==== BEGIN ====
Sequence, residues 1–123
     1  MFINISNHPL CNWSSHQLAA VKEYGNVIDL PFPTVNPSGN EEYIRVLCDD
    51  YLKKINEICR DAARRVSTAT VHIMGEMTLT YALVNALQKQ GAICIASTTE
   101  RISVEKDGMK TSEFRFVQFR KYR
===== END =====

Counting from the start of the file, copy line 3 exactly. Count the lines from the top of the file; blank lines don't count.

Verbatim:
    51  YLKKINEICR DAARRVSTAT VHIMGEMTLT YALVNALQKQ GAICIASTTE